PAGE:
Already Tbilisi has begun to tighten its control over this strategic territory. Under the government's draft bill on Ajarian autonomy, the president would be able to disband the Supreme Council, the Ajarian parliament, as well as the Ajarian prime minister's cabinet. The prime minister would be appointed by the Georgian president and approved by the Supreme Council. The Georgian parliament would also be able to overwrite legislation passed by the Ajarian legislature. With all but two of the Supreme Council's seats held by Saakashvili-Victorious Ajaria, little room has been left for independent political figures to emerge upon the scene. During parliamentary debate, Republican Party deputy Ivliane Khaindrava denounced the bill for imposing "direct [presidential] rule . . . [it] has nothing in common with [Ajaria's] autonomous status," Civil Georgia reported. The bill was passed in its first reading on June 25.
From the start of its alliance with the National Movement in 2002, the Republicans' partnership with Saakashvili has been doomed to failure.
The Republican Party first captured public attention in the 1980s as Georgia headed toward independence from the Soviet Union. The party, dominated by intellectuals, became known for its various proposals on constitutional law and an overhaul of the legal system.
Yet its support has never been particularly broad-based. Long seen as the party of Georgia's intellectual elite, the Republicans have naturally gravitated toward ideologically motivated alliances, which have often fallen apart.
In the Shevardnadze era, the Republicans had tried to shape what was referred to as a "third force" a group opposed both to the Shevardnadze old guard, and to such "young reformers" in the former president's Citizens' Union of Georgia as current Prime Minister Zurab Zhvania and Saakashvili. Only when Saakashvili began advocating a complete change of government did the Republicans look on him afresh. By contrast, the Republicans did not see Zhvania as an acceptable political partner for his willingness to work with the Shevardnadze government. Following the Rose Revolution, Berdzenishvili reportedly attempted to convince Saakashvili to stay clear of Zhvania's United Democrats, but without success.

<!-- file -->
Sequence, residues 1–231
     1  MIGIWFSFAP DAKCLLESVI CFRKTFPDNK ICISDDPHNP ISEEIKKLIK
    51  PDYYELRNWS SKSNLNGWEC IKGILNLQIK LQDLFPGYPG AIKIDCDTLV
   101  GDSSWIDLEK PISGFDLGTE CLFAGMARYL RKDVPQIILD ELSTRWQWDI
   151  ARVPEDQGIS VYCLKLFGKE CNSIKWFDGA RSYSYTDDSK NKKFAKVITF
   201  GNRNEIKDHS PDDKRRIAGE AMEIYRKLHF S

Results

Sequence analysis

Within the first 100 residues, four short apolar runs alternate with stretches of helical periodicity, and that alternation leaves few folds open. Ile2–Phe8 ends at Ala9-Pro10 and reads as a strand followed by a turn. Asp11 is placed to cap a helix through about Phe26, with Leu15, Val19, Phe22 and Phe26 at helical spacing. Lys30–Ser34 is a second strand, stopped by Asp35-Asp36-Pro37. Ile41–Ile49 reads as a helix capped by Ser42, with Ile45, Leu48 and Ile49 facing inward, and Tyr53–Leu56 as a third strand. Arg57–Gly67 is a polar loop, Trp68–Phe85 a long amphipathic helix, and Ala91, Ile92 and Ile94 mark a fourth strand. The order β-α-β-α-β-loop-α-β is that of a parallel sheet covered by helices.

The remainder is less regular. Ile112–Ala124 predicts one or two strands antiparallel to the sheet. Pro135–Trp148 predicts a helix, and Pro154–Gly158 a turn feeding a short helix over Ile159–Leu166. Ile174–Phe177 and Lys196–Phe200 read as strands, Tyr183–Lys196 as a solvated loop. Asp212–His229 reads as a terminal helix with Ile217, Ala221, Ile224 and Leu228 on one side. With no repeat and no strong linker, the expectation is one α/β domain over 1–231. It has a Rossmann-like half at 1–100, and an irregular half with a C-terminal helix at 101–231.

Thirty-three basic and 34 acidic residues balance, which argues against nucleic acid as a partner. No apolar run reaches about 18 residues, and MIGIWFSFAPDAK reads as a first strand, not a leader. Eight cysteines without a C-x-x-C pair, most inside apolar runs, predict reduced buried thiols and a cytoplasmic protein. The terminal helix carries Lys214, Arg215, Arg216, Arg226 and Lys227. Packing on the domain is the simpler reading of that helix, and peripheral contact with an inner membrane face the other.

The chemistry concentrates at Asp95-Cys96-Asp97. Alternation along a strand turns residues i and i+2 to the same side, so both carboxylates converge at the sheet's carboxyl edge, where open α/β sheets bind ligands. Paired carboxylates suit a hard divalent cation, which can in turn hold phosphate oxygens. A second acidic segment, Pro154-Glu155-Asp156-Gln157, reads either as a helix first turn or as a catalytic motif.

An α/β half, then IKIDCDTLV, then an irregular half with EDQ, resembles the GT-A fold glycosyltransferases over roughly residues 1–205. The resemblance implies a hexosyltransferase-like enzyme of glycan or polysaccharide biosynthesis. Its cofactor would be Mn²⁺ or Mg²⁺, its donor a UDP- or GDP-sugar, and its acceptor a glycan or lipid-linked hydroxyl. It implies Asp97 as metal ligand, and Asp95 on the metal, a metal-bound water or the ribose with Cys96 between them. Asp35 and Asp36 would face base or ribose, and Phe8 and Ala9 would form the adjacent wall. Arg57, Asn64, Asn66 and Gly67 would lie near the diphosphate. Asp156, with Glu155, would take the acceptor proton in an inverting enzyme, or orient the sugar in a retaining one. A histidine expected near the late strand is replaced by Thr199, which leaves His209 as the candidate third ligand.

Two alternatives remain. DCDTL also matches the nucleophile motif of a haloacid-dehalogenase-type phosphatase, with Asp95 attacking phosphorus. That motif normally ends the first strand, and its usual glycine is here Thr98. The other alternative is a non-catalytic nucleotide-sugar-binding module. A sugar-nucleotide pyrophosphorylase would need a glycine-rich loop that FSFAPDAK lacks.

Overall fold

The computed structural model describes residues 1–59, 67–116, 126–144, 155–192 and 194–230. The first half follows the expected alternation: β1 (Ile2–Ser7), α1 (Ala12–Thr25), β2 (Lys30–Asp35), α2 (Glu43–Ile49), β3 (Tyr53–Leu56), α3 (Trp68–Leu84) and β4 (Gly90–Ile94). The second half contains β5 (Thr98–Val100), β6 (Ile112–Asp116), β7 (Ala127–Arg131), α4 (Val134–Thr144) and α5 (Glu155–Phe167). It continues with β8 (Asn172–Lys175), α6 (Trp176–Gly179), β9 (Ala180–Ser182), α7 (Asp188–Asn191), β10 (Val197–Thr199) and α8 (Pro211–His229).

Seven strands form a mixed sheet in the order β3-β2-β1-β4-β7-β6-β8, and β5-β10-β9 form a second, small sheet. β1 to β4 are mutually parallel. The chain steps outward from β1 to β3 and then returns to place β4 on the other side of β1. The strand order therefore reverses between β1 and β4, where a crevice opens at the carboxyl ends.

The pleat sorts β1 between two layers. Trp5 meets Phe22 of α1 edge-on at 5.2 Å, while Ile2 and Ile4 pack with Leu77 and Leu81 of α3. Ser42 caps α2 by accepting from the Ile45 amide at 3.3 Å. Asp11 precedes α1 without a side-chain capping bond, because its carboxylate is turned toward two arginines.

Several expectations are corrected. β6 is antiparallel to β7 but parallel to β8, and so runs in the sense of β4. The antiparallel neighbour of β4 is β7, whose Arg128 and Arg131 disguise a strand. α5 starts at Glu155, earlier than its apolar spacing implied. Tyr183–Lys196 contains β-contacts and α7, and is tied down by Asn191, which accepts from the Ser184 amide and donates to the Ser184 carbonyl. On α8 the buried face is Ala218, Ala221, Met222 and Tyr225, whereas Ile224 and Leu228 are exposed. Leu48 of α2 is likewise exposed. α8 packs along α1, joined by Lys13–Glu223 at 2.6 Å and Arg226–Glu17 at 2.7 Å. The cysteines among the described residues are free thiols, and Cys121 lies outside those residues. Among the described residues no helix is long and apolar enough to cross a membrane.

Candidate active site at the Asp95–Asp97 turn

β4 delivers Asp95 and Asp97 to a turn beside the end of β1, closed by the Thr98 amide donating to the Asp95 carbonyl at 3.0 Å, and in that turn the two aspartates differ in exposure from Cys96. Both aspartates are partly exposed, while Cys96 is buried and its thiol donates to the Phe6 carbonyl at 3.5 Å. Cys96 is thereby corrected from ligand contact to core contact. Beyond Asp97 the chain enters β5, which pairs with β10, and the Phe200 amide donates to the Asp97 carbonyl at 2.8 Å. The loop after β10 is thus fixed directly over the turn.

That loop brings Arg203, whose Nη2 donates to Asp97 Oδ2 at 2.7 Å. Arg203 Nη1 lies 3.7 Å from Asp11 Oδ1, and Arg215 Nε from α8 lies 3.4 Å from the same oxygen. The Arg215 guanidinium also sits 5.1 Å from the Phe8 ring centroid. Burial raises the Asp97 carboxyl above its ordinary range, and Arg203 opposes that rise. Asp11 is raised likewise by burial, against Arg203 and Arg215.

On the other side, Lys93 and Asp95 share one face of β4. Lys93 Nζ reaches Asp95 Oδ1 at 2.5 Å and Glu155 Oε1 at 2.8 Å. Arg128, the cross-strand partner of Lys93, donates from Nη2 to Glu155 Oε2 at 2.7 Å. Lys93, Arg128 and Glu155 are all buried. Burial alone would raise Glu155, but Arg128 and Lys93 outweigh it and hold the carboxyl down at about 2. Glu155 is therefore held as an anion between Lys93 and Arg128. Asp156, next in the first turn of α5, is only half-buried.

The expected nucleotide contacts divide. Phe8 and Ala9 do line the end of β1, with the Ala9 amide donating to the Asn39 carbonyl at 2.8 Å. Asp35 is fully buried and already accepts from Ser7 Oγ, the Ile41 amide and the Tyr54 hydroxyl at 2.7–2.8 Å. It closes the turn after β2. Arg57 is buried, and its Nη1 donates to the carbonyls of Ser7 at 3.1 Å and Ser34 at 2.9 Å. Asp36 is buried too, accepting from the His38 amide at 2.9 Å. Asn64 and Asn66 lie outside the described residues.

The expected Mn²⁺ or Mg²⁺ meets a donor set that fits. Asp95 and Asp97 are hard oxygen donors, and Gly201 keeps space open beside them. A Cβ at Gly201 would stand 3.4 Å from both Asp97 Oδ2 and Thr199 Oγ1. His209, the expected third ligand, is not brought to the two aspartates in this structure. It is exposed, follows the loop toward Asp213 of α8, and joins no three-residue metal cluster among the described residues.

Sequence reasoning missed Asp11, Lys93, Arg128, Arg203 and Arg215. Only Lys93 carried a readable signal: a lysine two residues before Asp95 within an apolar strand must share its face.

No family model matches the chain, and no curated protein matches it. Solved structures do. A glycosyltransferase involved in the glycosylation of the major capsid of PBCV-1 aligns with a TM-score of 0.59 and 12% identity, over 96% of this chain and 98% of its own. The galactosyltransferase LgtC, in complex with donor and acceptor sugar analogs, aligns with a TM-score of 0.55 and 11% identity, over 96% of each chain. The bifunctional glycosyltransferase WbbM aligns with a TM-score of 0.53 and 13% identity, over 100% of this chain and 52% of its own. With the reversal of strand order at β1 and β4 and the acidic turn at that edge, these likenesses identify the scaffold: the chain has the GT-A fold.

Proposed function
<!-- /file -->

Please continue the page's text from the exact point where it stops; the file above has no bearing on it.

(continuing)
With only six members of parliament, the loss of the Republicans would not place Saakashvili's bloc at a particular political disadvantage. The party's two committee heads -- Levan Berdzenishvili for education, culture and sport, and Roman Gotsiridze for budget and finance -- command respect primarily as seasoned public servants. It is unclear whether the party could form an opposition faction, which requires a minimum of 10 members of parliament. Support for such an endeavor is unlikely to come from Saakashvili's most outspoken critic, parliamentary deputy and former presidential ally Koba Davitashvili, who is a strong advocate for an end to Ajaria's autonomy a position opposed by Berdzenishvili. Without an obvious ally in its protest over Ajaria, the Republicans' chances for raising an alternative voice to Saakashvili appear uncertain at best.
As the National Movement shapes itself into a ruling coalition, allies from its more radical past no longer carry the same political weight on the national stage. In a June 25 interview with Rustavi-2, Saakashvili stated that "a part of my heart" would have liked to have seen more Republican Party representatives elected to the Ajarian parliament. But, the president added, "I am talking about the democratic part of my heart. [A]nother part is, of course, loyal to the National Movement."
Jaba Devdariani is a Human Rights Officer with the OSCE Mission to Bosnia and Herzegovina and a longtime journalist in Georgia.